Start a Garden in 60 Minutes

, written by Benedict Vanheems gb flag

Container garden

I’m going share three super-simple projects to help you start growing vegetables, no matter how much (or how little!) space you have. Follow the advice below and I reckon you could be up and growing in 60 minutes, or even less. We’ll be planting up containers ideal for any patio or balcony; splitting apart and potting up tasty herbs; and, for those of you with an unused patch of lawn or ground to spare, starting off a new bed of productive vegetables and salads.

1. Patio Vegetable Garden

If you have just a patio or balcony on which to grow you might be wondering if you even can grow vegetables, but it’s truly amazing what you can pack into such a small space! There’s a literal abundance of fresh fruits, veg and herbs that will grow very happily in pots.

For instance strawberries grow really well in containers, and are less likely to get eaten by slugs than if they were planted in the ground. Most herbs can be grown in pots, and many vegetables too. Almost anything that holds potting mix can be used as a plant pot, but make sure it has good drainage holes in the bottom – drill some if it hasn’t. That’s really important, because excess moisture needs to drain away freely so that roots can stay healthy.

Seeds are the cheapest way to get started growing vegetables

The cheapest way to get started is to sow seeds, but if you want to jump a step closer to harvest time you can buy plug plants instead. Plugs give you a bit of a head start and skip the most precarious stage of growing. I’d recommend starting from seeds where possible, but there’s nothing wrong at all with using plug plants for that extra peace of mind.

Exactly when to sow or plant really depends on your location, but mid-spring is an excellent time to begin as daytime temperatures start to warm up to coax our seedlings along.

Salad leaves like lettuce are a great place to start your growing journey. You don’t need a deep container for these because lettuce roots don’t extend down very far. Fill your pots with potting mix (most crops will happily grow in any multi-purpose bagged compost) and make a hole big enough for your lettuce plug. Push a lettuce plant out of its plug and firm it into the hole you’ve made. Finish with a good drink of water to settle it in.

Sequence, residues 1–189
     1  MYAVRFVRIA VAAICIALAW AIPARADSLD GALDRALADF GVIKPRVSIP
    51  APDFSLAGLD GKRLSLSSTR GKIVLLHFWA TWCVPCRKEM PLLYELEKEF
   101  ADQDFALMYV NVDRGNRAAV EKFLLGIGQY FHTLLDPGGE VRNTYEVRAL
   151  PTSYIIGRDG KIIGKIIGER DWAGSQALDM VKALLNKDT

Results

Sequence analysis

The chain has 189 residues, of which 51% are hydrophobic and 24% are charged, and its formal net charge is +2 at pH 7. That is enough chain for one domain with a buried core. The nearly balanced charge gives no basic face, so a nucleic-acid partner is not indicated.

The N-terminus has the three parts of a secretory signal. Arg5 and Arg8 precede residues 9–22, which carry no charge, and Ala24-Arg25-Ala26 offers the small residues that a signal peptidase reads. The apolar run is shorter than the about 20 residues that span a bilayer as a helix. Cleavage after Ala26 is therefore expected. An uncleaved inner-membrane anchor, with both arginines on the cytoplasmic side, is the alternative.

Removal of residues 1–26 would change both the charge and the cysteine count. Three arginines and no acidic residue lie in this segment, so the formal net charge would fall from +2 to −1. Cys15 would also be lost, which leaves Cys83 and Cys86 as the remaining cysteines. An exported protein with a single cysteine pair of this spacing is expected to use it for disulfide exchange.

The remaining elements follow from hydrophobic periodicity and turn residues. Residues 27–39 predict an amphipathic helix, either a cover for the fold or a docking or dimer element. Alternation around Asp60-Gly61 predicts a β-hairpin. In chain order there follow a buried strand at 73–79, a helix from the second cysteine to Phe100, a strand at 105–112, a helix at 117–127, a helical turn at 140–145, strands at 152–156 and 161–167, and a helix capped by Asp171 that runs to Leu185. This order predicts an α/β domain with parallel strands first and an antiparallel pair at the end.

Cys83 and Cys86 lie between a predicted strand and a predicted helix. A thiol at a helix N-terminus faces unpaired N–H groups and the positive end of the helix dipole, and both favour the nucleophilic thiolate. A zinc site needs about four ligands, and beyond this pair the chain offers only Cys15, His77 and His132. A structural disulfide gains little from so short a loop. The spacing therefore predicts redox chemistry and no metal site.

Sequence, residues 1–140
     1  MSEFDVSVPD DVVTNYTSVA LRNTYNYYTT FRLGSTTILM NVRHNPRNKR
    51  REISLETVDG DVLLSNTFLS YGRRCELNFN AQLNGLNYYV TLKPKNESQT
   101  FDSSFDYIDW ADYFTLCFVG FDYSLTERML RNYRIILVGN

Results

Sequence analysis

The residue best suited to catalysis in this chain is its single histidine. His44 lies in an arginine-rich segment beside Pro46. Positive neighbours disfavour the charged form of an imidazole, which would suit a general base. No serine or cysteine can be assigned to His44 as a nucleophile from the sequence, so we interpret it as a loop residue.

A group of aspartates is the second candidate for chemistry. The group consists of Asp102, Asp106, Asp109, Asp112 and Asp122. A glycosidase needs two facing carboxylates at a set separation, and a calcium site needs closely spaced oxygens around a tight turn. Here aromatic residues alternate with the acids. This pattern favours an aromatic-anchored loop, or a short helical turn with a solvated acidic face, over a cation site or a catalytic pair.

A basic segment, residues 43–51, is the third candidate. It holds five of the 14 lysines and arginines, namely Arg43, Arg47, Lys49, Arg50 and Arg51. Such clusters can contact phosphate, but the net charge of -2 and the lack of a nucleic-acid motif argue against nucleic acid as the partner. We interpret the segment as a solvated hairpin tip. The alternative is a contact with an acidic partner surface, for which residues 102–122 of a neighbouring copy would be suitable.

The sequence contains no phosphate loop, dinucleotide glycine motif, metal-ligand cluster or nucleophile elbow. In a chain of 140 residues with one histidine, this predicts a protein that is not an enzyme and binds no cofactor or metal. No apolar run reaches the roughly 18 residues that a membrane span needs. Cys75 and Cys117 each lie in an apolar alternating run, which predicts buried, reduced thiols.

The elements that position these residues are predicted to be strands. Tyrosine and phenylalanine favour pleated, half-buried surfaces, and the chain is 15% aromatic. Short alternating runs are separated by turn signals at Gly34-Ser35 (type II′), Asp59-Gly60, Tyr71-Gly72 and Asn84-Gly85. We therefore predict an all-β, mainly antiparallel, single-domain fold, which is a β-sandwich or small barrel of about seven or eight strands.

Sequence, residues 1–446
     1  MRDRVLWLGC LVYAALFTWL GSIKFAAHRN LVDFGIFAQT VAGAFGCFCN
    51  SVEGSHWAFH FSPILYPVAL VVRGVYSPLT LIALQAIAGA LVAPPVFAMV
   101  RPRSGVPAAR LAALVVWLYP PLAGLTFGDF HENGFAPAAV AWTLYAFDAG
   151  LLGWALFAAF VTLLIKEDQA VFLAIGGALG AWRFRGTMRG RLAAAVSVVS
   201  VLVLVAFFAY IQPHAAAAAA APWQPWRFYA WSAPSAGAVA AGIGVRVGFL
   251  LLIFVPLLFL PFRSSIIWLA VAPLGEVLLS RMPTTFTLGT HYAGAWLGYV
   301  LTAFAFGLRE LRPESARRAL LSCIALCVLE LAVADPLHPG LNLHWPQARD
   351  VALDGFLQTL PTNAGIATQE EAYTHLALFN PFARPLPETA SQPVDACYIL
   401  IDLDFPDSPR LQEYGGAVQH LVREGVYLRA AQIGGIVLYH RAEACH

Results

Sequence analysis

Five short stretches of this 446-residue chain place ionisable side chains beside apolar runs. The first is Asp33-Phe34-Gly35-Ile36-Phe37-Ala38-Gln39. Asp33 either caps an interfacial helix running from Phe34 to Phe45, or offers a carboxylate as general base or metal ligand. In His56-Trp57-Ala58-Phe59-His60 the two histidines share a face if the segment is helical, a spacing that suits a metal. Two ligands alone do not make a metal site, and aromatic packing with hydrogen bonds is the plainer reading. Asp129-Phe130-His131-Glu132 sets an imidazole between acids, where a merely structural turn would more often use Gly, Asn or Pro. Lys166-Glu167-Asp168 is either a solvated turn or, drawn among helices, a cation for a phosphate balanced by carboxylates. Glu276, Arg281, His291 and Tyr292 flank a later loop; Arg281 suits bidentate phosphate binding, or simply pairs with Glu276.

Lettuce is a is easily grown in containers

Alternatively, you can sow directly into your salad container by scattering the seeds very thinly over the surface. Cover them over with a little more potting mix and then give them a gentle watering.

Is it too strong a statement to say that gardening can change your life? I don’t think so! There’s a purposefulness about gardening: sowing and planting, then picking the rewards that follow. This sort of stuff is deeply satisfying, and when you create the opportunity to grow, you do too – I honestly believe that!

Growing on a patio or balcony is particularly satisfying because it’s so up close and personal, and it’s easy to keep a close eye on how your plants are doing. Keep your pots watered in dry weather – this may mean once or even twice a day in the hottest weeks of summer. Fruiting vegetables like tomatoes and peppers will also need feeding with an organic liquid fertiliser. Start doing this once they come into flower to give plants the resources they need to produce lots of tempting fruits. Remember to resow or add to your patio pots as earlier crops are harvested to keep those pickings coming!

Splitting up clumps of grocery store herbs is an easy way to both increase and extend your harvests

2. More Herbs for Less

Herbs are a must for flavour and a burst of freshness. They’re perfect for growing on the patio or a sunny indoor windowsill, so even if you have no garden space, you can still grow herbs!

You can buy pots of living herbs like parsley, coriander and basil from the supermarket, but what you’re usually buying isn’t one plant but in fact lots of seedlings, packed in cheek by jowl. That’s fine if you just want to harvest them once or twice, but because they’re very crowded in their pot they will soon go downhill. To dramatically extend their useful life and more than triple the pickings you get, there’s a few simple steps you can take.

You’ll need some multi-purpose potting mix, a few extra pots, and (to avoid getting in trouble for making a mess!) a tray to work in. Carefully prise your store-bought herbs apart into up to four or five sections. Just get your fingers and thumbs in there and ease them apart gently into separate clumps, trying not to break the roots or stems. Next, pot on your clumps of herbs. One clump can go back into the original pot, and the others into your spare pots. Give them a drink and they’ll be on their way.